Main Article Content

Jassada Septech
Motree Socatiyanurak


          The objectives of this research article were to study the changes. A cashless society from a cash economy to a cashless society in Thailand. Factors related to the cashless society economy and to study Develop a conceptual framework for a cashless society economy. The sample was the population calculated using Yamane’s calculation. Until obtaining a representative group, 400 illustrations in each region and 400 examples in Bangkok, totaling 2,800 samples, then used stratified random sampling to reach the representative. The research results are that Thailand is likely to develop from a cash economy society. To a cashless economy, This is due to the changing behavior of financial services according to the data of the Bank of Thailand during 2015 - 2019 with a declining trend. The use of electronic payment channels is likely to increase. It shows a cashless society’s economic transition towards a cashless society and related personal factors, including gender and age, occupation, education level, and income correlated with electronic payment behavior. For the regression analysis, the researcher found that 1) factors influencing decision making 2) technology acceptance about Electronic payment behavior By region classification of forecasting equations in raw scores and standardized equations. It can use relevant factors to develop conceptual frameworks, Which have the initial variables including Personal factors, Factors influencing decision making, Adoption, and use of technology. The dependent variables are Electronic payment behavior.


Download data is not yet available.

Article Details

How to Cite
Septech, J. ., & Socatiyanurak, M. . (2021). CASHLESS SOCIETY FROM CASH - BASED TO CASHLESS ECONOMY IN THAILAND. Journal of Buddhist Anthropology, 6(7), 83–98. Retrieved from
Research Articles


อดุลย์ จาตุรงคกุล. (2539). พฤติกรรมผู้บริโภค. กรุงเทพมหานคร: มหาวิทยาลัยธรรมศาสตร์.

Allen, H. (2003). Innovations in retail payments: e-payments:e-payment. Bank of England Quarterly Bulletin, 43(4), 428-438.

Baddeley, M. (2004). Using e-cash in the new economy: An economic analysis of micro-payment systems. Journal of Electronic Commerce Research, 5(4), 239-253.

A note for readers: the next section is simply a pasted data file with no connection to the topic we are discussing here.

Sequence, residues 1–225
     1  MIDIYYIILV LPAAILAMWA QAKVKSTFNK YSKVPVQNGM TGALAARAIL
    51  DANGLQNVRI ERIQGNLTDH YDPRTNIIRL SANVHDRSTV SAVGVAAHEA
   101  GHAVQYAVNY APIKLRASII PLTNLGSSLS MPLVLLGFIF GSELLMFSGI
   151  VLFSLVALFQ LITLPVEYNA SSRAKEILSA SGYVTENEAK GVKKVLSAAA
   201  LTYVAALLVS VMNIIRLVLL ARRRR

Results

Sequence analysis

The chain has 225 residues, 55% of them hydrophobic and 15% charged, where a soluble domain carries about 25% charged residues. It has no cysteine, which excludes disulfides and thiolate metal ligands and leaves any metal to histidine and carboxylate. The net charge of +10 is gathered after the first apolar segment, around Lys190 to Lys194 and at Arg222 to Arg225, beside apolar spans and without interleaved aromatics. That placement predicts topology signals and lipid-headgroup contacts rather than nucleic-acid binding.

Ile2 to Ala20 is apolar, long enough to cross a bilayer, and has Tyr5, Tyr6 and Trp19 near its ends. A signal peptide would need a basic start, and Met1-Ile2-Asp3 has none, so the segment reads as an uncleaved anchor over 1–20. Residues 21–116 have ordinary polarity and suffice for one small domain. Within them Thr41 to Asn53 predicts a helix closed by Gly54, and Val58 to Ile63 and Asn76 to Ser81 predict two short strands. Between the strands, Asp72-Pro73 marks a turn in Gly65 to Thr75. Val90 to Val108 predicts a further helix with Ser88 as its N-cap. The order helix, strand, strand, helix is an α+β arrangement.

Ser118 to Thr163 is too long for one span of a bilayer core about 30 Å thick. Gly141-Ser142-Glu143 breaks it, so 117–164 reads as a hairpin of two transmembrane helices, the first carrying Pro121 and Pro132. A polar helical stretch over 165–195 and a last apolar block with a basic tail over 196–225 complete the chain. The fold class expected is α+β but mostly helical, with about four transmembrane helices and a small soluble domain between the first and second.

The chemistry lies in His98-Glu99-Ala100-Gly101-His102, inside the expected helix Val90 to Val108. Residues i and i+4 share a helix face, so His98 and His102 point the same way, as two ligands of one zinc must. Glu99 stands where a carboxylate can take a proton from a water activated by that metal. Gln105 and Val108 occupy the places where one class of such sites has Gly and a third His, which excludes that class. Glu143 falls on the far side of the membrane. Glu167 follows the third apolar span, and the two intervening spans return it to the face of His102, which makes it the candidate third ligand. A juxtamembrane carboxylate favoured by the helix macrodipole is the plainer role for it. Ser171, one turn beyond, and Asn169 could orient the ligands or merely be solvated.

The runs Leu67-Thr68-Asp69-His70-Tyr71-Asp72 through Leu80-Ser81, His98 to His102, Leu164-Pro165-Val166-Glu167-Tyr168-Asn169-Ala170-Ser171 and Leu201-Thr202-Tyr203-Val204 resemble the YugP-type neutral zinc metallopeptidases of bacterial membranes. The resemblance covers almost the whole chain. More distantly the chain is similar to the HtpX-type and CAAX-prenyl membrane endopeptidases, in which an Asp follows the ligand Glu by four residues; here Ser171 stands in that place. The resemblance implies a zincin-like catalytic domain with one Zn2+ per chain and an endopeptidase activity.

Bech, M. L. et al. (2018). Payments are a-changin’- but cash still rules. Retrieved March 11 , 2020, from

Chaudhary, T. (2017). The critical analysis of cashless transaction. International Journal of Commerce and Management Research, 3(3), 92-94.

Chen, Y. (2015). Exploring Consumers’ Payment Behaviours atCompleting Micro-Transactions withVending Machines in Sweden. In Disciplinary Domain of Humanities and Social Sciences, Faculty of Social Sciences, Department of Informatics and Media, Human-Computer Interaction. Uppsala university.

Davis, F. D. (1989). Perceived usefulness, perceived ease of use, and user acceptance of information technology. MIS quarterly, 13(3), 319-340.

Economides, N. (2001). The impact of the Internet on financial markets. Journal of Financial Transformation, 1(1), 8-13.

Garcia-Swartz, D. et al. (2007). Further thoughts on the cashless society: A reply to Dr. Shampine. Review of network economics, 6(4),509-524.

Garg, P. & Panchal, M. (2016). Study on Introduction of Cashless Economy in India 2016: Benefits & Challenge’s. Journal of Business and Management, 19(4), 116-120.

Khan, J. & Craig-Lees, M. (2009). Cashless transactions: perceptions of money in mobile payments. International Business & Economics Review, 1(1), 24-30.

Kumari, N. & Khanna, J. (2017). Cashless payment: A behaviourial change to economic growth. Qualitative and Quantitative Research Review, 2(2), 84-90.

Nicko van Someren. (2002). The practical problems of implementing Micromint. In Syverson P. (eds) Financial Cryptography. FC 2001. Lecture Notes in Computer Science. Springer, Berlin, Heidelberg.

Thomas, H. et al. (2013). MasterCard Advisors' Cashless Journey The global journey from cash to cashless. Retrieved March 11 , 2020, from